1. Elisabetta Collini, Cathy Y. Wong, Krystyna E. Wilk, Paul M. G. Curmi, Paul Brumer & Gregory D. Scholes. Coherently wired light-harvesting in photosynthetic marine algae at ambient temperature. Nature, 2010; 463 (7281): 644 DOI: 10.1038/nature08811

Cite This Page:

University of Toronto. "Quantum mechanics at work in photosynthesis: Algae familiar with these processes for nearly two billion years." ScienceDaily. ScienceDaily, 4 February 2010. <www.sciencedaily.com/releases/2010/02/100203131356.htm>.
University of Toronto. (2010, February 4). Quantum mechanics at work in photosynthesis: Algae familiar with these processes for nearly two billion years. ScienceDaily. Retrieved April 20, 2014 from www.sciencedaily.com/releases/2010/02/100203131356.htm
University of Toronto. "Quantum mechanics at work in photosynthesis: Algae familiar with these processes for nearly two billion years." ScienceDaily. www.sciencedaily.com/releases/2010/02/100203131356.htm (accessed April 20, 2014).

Share This



More Matter & Energy News

Sunday, April 20, 2014

Featured Research

from universities, journals, and other organizations


Featured Videos

from AP, Reuters, AFP, and other news services

Small Reactors Could Be Future of Nuclear Energy

Small Reactors Could Be Future of Nuclear Energy

AP (Apr. 17, 2014) — After the Fukushima nuclear disaster, the industry fell under intense scrutiny. Now, small underground nuclear power plants are being considered as the possible future of the nuclear energy. (April 17) Video provided by AP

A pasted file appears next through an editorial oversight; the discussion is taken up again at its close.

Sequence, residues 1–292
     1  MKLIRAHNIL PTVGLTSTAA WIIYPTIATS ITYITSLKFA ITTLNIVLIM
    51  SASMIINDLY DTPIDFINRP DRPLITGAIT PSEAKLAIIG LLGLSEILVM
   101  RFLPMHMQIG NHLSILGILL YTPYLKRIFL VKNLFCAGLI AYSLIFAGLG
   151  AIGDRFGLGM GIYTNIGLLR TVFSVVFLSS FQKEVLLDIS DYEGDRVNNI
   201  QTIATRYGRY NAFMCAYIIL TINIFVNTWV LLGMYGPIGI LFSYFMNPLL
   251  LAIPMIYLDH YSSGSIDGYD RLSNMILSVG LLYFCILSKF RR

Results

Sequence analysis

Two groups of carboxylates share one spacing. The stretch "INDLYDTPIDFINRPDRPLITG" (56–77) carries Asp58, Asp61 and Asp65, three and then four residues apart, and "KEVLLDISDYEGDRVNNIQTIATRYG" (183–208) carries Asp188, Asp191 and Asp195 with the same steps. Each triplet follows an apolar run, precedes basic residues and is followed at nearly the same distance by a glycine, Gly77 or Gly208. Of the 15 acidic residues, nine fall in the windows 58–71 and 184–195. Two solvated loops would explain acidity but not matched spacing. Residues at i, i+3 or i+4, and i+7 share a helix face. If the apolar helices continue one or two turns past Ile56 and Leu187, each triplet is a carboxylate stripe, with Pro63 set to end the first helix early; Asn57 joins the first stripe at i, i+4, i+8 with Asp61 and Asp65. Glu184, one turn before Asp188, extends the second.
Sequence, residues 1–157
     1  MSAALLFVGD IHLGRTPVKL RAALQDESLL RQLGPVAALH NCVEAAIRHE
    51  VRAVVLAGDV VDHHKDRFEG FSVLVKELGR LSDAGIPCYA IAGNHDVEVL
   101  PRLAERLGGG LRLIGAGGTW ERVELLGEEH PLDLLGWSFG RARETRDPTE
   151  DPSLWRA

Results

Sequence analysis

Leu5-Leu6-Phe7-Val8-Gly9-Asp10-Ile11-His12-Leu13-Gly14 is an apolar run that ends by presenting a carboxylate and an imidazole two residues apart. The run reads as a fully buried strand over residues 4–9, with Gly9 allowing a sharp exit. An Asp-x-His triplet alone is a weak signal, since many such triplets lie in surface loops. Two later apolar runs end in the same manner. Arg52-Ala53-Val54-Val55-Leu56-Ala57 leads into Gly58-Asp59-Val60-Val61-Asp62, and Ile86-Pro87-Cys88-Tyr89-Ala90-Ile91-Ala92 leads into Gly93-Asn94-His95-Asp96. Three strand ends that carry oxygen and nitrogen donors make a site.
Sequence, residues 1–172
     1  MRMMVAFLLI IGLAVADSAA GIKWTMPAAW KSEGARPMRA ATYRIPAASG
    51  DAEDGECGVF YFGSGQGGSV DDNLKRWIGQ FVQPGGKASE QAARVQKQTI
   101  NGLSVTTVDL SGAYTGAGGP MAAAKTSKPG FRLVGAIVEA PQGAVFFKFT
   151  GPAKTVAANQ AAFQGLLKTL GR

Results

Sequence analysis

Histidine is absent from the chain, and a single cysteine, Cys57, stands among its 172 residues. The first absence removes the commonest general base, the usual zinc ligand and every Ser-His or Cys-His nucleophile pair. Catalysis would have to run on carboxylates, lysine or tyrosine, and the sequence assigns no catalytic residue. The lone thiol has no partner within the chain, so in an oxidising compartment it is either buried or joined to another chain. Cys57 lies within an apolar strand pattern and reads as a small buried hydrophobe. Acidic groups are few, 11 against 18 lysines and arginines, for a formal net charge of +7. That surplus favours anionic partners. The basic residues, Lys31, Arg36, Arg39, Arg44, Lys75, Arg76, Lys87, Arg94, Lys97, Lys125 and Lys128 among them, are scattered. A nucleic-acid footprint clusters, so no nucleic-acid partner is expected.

Powered by NewsLook.com
Horseless Carriage Introduced at NY Auto Show

Horseless Carriage Introduced at NY Auto Show

AP (Apr. 17, 2014) — An electric car that proponents hope will replace horse-drawn carriages in New York City has also been revealed at the auto show. (Apr. 17) Video provided by AP
Powered by NewsLook.com
Honda's New ASIMO Robot, More Human-Like Than Ever

Honda's New ASIMO Robot, More Human-Like Than Ever

AFP (Apr. 17, 2014) — It walks and runs, even up and down stairs. It can open a bottle and serve a drink, and politely tries to shake hands with a stranger. Meet the latest ASIMO, Honda's humanoid robot. Duration: 00:54 Video provided by AFP
Powered by NewsLook.com
German Researchers Crack Samsung's Fingerprint Scanner

German Researchers Crack Samsung's Fingerprint Scanner

Newsy (Apr. 16, 2014) — German researchers have used a fake fingerprint made from glue to bypass the fingerprint security system on Samsung's new Galaxy S5 smartphone. Video provided by Newsy
Powered by NewsLook.com

Search ScienceDaily

Number of stories in archives: 140,361

Find with keyword(s):
 
Enter a keyword or phrase to search ScienceDaily for related topics and research stories.

Save/Print:
Share:  

Breaking News:
from the past week

In Other News

... from NewsDaily.com

Science News

Health News

Environment News

Technology News



Save/Print:
Share:  

Free Subscriptions


Get the latest science news with ScienceDaily's free email newsletters, updated daily and weekly. Or view hourly updated newsfeeds in your RSS reader:

Get Social & Mobile


Keep up to date with the latest news from ScienceDaily via social networks and mobile apps:

Have Feedback?


Tell us what you think of ScienceDaily -- we welcome both positive and negative comments. Have any problems using the site? Questions?
Mobile iPhone Android Web
Follow Facebook Twitter Google+
Subscribe RSS Feeds Email Newsletters
Latest Headlines Health & Medicine Mind & Brain Space & Time Matter & Energy Computers & Math Plants & Animals Earth & Climate Fossils & Ruins